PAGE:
My objection to OC isn't so much what it does on a technical level. My objection is with it's business model.
What they are doing is attempting to unilaterally redefine what constitutes adware and to justify an installation method that is basically stealthed.
I additionally have a problem with their "dealers choice" options for how it gets used (default in/default out) in an individual developer's application. I don't know if this is to provide OC with what they may feel is 'plausible deniability' when accused of being adware, or what.
Up until now, there has been pretty much universal agreement that anything
which gets installed on your PC without giving notice and asking your permission is unacceptable.
OC is attempting to do an end-run around that understanding. First, by muddying up the waters with their insistence on their own definition of what "advertisement" means. Second, by refusing to have OC ask permission prior to doing what it does.
From what I've seen, there seems to be a very deliberate decision not to draw attention to the fact it's on there at all. Otherwise, it would add a mandatory splash banner, and ask if it's ok to proceed.
But it doesn't...
From what I've seen and read of it, it's left up to the app developer just how much to say about the fact OC is piggybacking on his installer.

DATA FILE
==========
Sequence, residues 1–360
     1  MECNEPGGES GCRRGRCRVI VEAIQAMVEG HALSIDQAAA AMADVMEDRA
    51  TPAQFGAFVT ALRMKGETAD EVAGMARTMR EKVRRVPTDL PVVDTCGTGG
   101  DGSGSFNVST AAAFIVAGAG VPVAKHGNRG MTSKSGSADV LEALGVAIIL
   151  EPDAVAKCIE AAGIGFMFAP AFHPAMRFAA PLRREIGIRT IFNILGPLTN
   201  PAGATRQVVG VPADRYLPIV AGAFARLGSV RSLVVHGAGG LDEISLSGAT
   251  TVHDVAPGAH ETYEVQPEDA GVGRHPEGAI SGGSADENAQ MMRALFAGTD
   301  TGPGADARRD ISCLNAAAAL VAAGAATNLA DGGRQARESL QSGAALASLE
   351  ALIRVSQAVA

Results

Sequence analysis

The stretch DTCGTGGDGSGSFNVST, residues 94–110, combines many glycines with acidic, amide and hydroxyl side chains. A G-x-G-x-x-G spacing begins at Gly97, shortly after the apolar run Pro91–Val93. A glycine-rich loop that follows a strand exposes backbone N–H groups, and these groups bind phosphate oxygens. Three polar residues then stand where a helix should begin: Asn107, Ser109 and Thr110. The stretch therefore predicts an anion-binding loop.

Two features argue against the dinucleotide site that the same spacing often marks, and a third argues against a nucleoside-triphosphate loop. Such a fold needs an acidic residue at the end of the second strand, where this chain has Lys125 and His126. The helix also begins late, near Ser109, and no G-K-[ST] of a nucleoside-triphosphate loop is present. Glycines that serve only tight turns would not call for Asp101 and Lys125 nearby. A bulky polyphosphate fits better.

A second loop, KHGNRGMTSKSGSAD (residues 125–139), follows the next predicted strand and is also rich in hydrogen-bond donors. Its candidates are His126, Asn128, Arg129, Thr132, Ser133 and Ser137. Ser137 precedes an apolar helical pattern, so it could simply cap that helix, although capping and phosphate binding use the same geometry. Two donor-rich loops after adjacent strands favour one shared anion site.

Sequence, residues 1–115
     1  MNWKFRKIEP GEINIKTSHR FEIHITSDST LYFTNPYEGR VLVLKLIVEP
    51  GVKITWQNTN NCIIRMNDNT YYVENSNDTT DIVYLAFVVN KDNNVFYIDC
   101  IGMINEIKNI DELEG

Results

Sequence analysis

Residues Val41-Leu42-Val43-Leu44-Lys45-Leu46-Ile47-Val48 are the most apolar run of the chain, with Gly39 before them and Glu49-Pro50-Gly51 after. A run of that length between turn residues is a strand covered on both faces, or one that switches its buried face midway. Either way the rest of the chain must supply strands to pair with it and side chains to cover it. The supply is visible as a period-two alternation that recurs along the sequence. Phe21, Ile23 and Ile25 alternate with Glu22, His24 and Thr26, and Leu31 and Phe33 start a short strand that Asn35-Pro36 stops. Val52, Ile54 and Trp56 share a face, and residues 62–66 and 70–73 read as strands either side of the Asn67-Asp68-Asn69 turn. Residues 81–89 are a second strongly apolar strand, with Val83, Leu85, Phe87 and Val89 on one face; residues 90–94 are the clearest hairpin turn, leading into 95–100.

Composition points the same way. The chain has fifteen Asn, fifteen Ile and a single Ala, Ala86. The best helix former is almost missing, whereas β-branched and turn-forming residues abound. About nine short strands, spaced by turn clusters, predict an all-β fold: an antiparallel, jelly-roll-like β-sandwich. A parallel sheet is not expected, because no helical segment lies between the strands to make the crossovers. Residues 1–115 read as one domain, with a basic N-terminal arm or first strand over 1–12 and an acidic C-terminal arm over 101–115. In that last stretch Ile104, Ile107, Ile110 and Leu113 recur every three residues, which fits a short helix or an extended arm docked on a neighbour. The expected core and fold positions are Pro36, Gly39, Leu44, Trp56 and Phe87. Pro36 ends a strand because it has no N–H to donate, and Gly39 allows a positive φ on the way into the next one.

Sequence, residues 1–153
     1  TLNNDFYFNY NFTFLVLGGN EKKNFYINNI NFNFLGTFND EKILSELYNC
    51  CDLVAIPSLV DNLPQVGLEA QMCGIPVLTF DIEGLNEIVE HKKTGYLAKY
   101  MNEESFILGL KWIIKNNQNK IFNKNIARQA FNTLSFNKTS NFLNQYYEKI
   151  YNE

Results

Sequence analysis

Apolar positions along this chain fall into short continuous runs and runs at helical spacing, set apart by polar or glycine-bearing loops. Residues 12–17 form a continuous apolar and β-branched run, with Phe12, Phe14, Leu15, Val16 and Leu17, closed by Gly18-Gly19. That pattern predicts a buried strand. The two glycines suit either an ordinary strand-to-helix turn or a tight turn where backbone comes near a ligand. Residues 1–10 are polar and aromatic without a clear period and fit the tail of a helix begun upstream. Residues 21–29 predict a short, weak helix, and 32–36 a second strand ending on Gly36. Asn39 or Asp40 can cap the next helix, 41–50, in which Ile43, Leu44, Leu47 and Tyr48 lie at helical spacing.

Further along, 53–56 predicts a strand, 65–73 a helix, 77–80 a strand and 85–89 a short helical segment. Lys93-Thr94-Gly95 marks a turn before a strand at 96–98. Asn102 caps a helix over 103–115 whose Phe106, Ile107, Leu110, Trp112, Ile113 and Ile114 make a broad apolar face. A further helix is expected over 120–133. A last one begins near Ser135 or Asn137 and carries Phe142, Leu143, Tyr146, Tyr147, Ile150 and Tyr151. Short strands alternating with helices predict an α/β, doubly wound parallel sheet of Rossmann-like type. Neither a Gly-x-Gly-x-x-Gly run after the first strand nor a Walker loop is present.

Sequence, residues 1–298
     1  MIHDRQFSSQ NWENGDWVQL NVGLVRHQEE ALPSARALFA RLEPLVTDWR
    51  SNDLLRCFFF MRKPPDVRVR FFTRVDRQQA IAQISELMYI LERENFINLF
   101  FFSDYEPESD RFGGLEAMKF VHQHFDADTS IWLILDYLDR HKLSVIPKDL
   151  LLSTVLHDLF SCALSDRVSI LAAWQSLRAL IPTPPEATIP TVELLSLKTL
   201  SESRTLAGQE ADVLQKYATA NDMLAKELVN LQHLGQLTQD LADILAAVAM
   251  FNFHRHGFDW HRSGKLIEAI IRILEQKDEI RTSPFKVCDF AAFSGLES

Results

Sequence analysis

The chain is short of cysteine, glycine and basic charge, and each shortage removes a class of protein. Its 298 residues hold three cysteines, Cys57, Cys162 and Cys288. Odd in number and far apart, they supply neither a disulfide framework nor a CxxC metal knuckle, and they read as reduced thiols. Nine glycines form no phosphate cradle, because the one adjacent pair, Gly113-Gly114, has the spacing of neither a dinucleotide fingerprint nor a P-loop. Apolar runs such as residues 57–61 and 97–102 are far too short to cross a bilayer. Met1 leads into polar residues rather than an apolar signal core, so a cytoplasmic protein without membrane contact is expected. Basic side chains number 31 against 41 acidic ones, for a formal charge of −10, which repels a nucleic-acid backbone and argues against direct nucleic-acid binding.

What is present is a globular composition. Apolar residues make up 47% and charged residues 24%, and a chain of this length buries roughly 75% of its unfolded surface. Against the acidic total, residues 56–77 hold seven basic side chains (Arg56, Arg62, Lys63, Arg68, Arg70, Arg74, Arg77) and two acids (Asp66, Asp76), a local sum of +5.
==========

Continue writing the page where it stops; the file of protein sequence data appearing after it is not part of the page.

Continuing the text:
And I'm sorry folks, but to require that some information be put in the EULA about OC is almost laughable. Not to defend people who don't read the EULAs, but the people who produce OC know (as those of us in the industry do) that very few people ever read
license agreements. I'm almost tempted to say "How convenient."
This is a potential "camel with its nose in the tent" issue. OC may be the most innocuous and benign piece of code out there. But what it is asking us to see as acceptable behavior for a software installer is not. Because it asks us to greenlight an action that has, up until now, been considered unacceptable behavior.
This whole issue could have been avoided if OC just did what every other ad-type software does - pop up a notice and ask to be installed before
anything actually is.
But OC has chosen not to do that.
And I think the reason for that is very simple: most people wouldn't install OC if they knew about it.
And in order for OC to sell their services to their advertising partners, they have to offer some unique sales proposition that gives them the advantage over more traditional piggyback product installers.
And that unique sales proposition is a low key approach to installation that borders on stealth, even if it doesn't quite cross the line, combined with a policy of substituting the term "recommendation" for "advertisement."
Not that it matters. Actions always speak louder than words.
To quote Douglas Adams remix of the classic 'duck test': If it looks like a duck, and quacks like a duck, we have at least to consider the possibility that we have a small aquatic bird of the family anatidae on our hands.
In my little corner of the universe, if you ask me - out of the blue - to consider buying something, then it's an 'advert' AFAIC.
And calling it something else - and insisting it's not - only makes it quack louder.